When Lehigh student Kara Werner ‘11 arrived at Lehigh in 2007, she was sure she wanted to study international relations. Then again, she also loved math and wanted to find an application for it in everyday life.
Two roads, it seemed to Kara, were diverging.
But when she learned about Lehigh’s new Integrated Degree in Engineering, Arts, & Sciences (IDEAS) program, Werner was delighted to have found a way to integrate and explore both of her interest areas.
“Right now, I’m focused on studying topics and issues that matter to me,” said Werner. “I found IDEAS to be a great way to mesh these ideas together.”
Werner and 24 other interested and qualified students were admitted to the highly-selective IDEAS honors program in Spring 2007, and this September the program's first full inaugural class arrived on campus. This diverse group of students is intent on becoming “Renaissance thinkers” -- young men and women who are seeking to dissolve traditional educational boundaries between the arts and sciences, and engineering.
Danny Cohen '11: Pursuing studies in the arts and in engineering
“The program is meant to support students who want to merge fields from each college to create a customized educational theme,” says Jeffrey Milet, professor of theatre and co-director of IDEAS. “It is really meant for students who are passionately interested in two areas, for instance, civil engineering and political science. IDEAS helps students blend those two areas and put them together to work toward their future ambitions.”
Danny Cohen ‘11 applied to the IDEAS program because he wanted to be an engineer -- but he did not want to ignore his creative passions.
“I have this artistic and creative side that allows me to apply art to anything and everything I could potentially build or design as a civil engineer,” Cohen said. “There are quite a few students in engineering who are much more artistic than their typical classwork allows them to be.”
Cohen, an IDEAS major with a concentration in architecture and civil engineering, mentioned that his academic plan allows him to participate in several design courses.
“I was lucky enough to jump on this opportunity when it came to me,” said Cohen. “When I saw the advertisement for the IDEAS program, I realized I could be in an honors program that combines two areas, from separate schools, that I wanted to pursue. For me, it was kind of a no-brainer.”
Milet and co-director Terry Hart, professor of mechanical engineering and mechanics, encourage their students to consider how their own unique passions could be applied to the complex challenges of the 21st century.
“The students bring ideas to each other,” Milet said. “They focus on major problems that this generation needs to tackle. Students want to work in these fields, whether it’s fighting AIDS or global warming. They ask: How do their concentrations fit into these fields? Or, what combination of concentrations could help solve these problems?”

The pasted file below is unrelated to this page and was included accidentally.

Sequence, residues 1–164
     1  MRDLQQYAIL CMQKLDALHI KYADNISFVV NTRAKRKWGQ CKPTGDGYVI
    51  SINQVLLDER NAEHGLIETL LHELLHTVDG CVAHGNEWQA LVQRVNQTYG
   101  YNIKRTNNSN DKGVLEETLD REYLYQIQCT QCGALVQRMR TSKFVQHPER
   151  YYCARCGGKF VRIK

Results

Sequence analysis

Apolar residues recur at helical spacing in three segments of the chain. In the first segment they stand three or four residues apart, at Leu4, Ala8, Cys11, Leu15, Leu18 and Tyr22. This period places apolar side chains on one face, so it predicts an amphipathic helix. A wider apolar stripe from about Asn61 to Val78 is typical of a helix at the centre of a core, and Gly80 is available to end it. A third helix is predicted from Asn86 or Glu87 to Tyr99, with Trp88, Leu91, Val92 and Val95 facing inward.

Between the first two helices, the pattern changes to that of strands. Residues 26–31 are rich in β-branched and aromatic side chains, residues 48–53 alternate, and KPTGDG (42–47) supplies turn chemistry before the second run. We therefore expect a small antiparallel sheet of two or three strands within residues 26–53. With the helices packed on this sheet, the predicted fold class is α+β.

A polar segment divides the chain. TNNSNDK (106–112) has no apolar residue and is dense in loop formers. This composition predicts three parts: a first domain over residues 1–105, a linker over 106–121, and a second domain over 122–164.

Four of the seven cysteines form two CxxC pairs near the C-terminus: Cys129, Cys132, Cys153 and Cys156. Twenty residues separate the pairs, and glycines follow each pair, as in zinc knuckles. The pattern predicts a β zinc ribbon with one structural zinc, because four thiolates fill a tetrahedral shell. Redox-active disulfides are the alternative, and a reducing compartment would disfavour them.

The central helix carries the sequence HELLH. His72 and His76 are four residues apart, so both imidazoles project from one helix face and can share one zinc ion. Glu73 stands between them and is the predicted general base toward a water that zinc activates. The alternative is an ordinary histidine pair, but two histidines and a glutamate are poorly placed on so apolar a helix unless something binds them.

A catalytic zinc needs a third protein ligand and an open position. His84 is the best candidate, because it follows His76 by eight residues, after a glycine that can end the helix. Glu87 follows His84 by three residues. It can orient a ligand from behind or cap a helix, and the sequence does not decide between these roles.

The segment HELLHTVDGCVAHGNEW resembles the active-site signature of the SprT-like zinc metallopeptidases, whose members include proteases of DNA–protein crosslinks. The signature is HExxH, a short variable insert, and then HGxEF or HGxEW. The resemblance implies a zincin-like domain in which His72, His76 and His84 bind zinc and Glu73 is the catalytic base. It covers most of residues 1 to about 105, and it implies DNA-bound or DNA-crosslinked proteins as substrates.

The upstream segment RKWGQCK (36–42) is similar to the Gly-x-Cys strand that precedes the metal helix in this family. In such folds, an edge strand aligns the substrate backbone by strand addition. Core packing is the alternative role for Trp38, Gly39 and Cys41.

IDEAS students collaborate with department advisors and the program directors to combine their concentrations into an individualized academic theme. Together they select two areas of study, one in arts and sciences, and one in engineering. Students can design their own curriculum with their advisors, or they can opt to participate in interdisciplinary themes that are currently being developed. For example, Milet mentions forensics as one of these themes -- a study area that could involve biology, chemistry, psychology, and different aspects of technology found in computer science, chemical engineering, and material science.
Hart believes that the IDEAS program distinguishes Lehigh from other top universities. Lehigh has a wealth of research throughout all departments, and yet its small size allows students to interact with faculty to develop a curriculum that is tailored to their academic interests and goals.
“It’s the perfect set-up for students who want to move on to medical school or law school,” Hart said. “It helps a younger person mature and think out-of-the-box by developing thinking processes using both sides of the brain.”
Like his classmates, Glen deVillafranca ‘11 applied to the IDEAS program so that he could pursue seemingly separate interests. Now, he believes he could combine his passion for politics and foreign affairs and his strengths in math and science to give him a unique advantage in his future career.
“As of right now, I intend to start a career more related to international relations than engineering,” deVillafranca said. “This doesn’t mean that all my time spent in engineering classes will be a waste. Instead, my engineering background will give me a quantitative perspective on issues that often gets overlooked in the world of politics and foreign affairs. Engineers are not only good with numbers, but are good problem solvers. An engineering mindset focused on political problems could be an invaluable asset.”
For more information, please visit the IDEAS program Web site